August 9, 2017

Few see EU as world’s top economic power despite its relative might

The European Union ranks as the world’s second-largest economy by gross domestic product, but few people globally see it as an economic leader ahead of China or the United States, according to a recent Pew Research Center survey.

Across the 38 nations in the survey, a median of just 9% view the countries of the EU as the world’s leading economic power. By comparison, 42% name the U.S. and 32% name China, while an additional 7% name Japan.

Even in the 10 EU countries included in the survey, a median of only 9% see the EU as the world’s top economy. By contrast, 42% name China and 38% name the U.S., with an additional 7% naming Japan. (Europe is the only region globally where more people today see China than the U.S. as the world’s leading economy.)

The comparatively low international rating of the EU’s economy comes despite its economic power – at least as measured by gross domestic product in purchasing power parity dollars (i.e., exchange rates adjusted for differences in the prices of goods and services across countries). By this measure, EU member countries collectively generated $20.3 trillion in GDP. The EU trails only China and ranks ahead of the U.S. and Japan. 

As recently as 2014, the EU outranked all other countries in terms of GDP, but even then, few people globally cited it as the world’s top economy, according to earlier Pew Research Center surveys.

The country most likely to name the EU as the world’s top economy in the new survey is Germany, itself the world’s fifth-largest economy by GDP. Still, only one-in-four Germans say the countries of the EU are the world’s leading economic power, compared with 41% who name China and 24% who name the U.S.

The only other European countries where one-in-ten people or more see the EU as the world’s top economy are the Netherlands (13%) and Poland (10%). Outside of Europe, other countries where at least one-in-ten name the EU include Jordan (15%), Tunisia (15%), Colombia (14%), Vietnam (14%), Canada (11%), Mexico (11%), Tanzania (11%) and South Africa (10%).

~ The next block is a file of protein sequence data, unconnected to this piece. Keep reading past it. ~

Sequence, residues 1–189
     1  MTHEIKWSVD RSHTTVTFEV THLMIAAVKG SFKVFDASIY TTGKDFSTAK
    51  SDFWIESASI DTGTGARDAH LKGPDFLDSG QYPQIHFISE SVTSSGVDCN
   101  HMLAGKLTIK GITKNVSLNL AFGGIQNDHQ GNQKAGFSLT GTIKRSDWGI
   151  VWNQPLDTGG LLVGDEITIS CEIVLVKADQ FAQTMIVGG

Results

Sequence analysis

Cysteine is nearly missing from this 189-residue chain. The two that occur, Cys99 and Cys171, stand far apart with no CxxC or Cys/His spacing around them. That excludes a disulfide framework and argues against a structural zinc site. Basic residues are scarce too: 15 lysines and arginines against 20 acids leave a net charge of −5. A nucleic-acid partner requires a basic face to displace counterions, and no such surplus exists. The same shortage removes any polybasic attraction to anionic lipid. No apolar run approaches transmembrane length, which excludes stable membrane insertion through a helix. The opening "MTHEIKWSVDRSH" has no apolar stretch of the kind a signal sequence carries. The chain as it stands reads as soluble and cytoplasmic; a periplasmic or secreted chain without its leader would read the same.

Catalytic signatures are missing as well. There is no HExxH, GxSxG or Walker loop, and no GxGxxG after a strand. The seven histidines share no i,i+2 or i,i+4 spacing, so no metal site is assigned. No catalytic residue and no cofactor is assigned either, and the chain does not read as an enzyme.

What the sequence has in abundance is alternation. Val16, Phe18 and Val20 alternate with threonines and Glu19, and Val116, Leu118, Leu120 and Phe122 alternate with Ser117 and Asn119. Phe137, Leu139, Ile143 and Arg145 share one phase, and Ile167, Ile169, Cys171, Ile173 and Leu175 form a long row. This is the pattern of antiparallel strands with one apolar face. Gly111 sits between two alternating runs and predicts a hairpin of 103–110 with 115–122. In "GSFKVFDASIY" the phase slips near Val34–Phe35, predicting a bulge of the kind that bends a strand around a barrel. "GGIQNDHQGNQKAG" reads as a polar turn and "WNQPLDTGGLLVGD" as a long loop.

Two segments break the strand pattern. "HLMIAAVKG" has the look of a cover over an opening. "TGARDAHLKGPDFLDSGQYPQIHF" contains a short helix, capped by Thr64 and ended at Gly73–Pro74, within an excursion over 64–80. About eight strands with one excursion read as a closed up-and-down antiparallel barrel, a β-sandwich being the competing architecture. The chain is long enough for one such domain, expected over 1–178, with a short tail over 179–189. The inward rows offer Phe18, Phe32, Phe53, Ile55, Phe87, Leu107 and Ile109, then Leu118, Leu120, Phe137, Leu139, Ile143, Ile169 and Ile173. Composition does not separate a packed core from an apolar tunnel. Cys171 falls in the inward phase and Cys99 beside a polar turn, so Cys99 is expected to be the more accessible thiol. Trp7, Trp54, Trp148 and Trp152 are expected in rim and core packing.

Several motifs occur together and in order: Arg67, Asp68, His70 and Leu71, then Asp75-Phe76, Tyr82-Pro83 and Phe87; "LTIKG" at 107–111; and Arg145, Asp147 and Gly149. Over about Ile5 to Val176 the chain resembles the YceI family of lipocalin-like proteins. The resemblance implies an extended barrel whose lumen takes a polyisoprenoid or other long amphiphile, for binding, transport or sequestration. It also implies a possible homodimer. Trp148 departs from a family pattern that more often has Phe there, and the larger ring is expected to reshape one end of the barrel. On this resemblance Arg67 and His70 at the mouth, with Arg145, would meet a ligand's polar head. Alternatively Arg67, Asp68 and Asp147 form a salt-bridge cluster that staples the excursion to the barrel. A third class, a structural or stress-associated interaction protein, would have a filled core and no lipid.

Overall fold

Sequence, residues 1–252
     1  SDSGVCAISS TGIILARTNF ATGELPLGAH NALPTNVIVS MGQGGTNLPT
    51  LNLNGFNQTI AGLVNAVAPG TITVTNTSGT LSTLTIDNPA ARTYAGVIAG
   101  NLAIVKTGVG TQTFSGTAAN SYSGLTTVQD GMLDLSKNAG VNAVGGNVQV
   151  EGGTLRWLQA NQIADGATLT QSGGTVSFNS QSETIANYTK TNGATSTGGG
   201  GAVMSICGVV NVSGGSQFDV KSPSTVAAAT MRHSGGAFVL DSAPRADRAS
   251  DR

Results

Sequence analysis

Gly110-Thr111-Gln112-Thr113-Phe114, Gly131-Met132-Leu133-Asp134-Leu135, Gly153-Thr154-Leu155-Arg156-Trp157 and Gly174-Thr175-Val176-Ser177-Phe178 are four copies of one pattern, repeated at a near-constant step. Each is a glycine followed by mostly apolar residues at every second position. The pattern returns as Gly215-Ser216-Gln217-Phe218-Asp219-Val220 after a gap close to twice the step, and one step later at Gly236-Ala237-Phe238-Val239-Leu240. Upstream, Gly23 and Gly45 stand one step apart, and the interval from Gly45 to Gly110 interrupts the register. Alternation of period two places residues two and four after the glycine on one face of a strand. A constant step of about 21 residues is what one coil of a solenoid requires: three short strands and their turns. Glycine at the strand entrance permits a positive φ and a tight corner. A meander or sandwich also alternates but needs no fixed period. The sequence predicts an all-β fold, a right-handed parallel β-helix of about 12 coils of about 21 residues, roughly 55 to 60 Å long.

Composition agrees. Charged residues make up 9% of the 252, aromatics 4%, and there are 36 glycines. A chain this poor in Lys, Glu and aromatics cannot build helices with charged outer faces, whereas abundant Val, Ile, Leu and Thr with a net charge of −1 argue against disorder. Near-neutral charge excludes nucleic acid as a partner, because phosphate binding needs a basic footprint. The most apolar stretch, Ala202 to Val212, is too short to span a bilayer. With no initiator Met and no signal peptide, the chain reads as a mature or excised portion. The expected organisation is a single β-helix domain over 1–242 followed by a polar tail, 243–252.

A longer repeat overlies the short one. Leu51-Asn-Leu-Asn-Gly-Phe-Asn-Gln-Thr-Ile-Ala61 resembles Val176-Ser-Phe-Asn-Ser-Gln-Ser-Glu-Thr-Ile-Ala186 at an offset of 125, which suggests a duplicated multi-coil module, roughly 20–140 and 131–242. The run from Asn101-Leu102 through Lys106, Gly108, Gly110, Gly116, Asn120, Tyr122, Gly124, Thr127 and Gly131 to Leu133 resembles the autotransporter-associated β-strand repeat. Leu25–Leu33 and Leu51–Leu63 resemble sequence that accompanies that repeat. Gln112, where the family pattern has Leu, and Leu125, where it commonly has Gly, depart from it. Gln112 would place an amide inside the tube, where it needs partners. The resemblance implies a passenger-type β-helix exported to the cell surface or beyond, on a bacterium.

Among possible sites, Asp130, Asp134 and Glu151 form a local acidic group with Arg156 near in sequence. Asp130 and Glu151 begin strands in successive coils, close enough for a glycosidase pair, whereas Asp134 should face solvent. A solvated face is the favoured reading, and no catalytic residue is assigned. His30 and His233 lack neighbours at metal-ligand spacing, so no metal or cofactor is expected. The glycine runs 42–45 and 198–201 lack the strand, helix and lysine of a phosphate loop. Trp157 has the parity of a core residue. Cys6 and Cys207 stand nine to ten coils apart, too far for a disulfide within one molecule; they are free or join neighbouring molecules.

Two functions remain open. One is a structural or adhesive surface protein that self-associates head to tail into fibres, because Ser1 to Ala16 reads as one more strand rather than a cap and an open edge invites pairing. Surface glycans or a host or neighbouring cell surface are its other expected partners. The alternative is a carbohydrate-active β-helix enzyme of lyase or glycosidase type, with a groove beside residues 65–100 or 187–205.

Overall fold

Only 3% of Italians see the EU as the top economy, while a slightly larger share (7%) name Japan and about four-in-ten each say the U.S. or China. And just 5% of Greeks cite the EU or Japan as the leading economy, while 39% name China and 44% say the U.S. No more than 5% of Italians or Greeks have ever named the EU as the world’s leading economy since the question was first asked in these nations in 2012.

Countries outside the EU where 5% of people or fewer say the EU is the leading economy include Nigeria (4%), Lebanon (3%), Senegal (3%), South Korea (3%) and India (2%).

While few Europeans see the EU as the world’s top economy, Americans are far more positive about the status of their own economy. About half of Americans (51%) say the U.S. is the world’s top economic power, even though the U.S. ranks below the EU when it comes to GDP. (On a per capita basis based on purchasing power parity dollars, however, the U.S. outranks the EU, as well as China and Japan.)

The Japanese, much like Europeans, tend not to see their own country as the world’s top economic power. Just 7% of Japanese say this, and Japan does in fact rank behind China, the EU and the U.S. in GDP.

Topics: Europe, Globalization and Trade, World Economies

  1. is an intern at Pew Research Center.

  2. Photo of Dorothy Manevich

    is a research analyst focusing on global attitudes at Pew Research Center.

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2 Comments

  1. James Linnane6 days ago

    Economic power includes more than just GDP. Trade is important. Much of EU trade is internal. China exports manufactures and imports raw materials. My impression is that China does not trade much in services. Then there is the question of clout. The EU has no military might, it has the US provide its military defense, even regionally. China is an important regional power not trusted by its neighbor. The US has defense treaties and bases all over the world. The EU has no diplomatic voice except on sufferance of its major members. The UK and France will not surrender their right to independent military and diplomatic power and Germany still has to atone for its history.

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  2. Packard Day1 week ago

    All that the EU lacks is unity. Unless and until the EU becomes more of an economic nation state (e.g. China, US, Russia, Australia) it will always be viewed like the stock market’s take on the BRIC (i.e. Brazil, Russia, India, and China) countries. That is, a collection of mutually exclusive and oftentimes not particularly inextricably intertwined sovereign entities.

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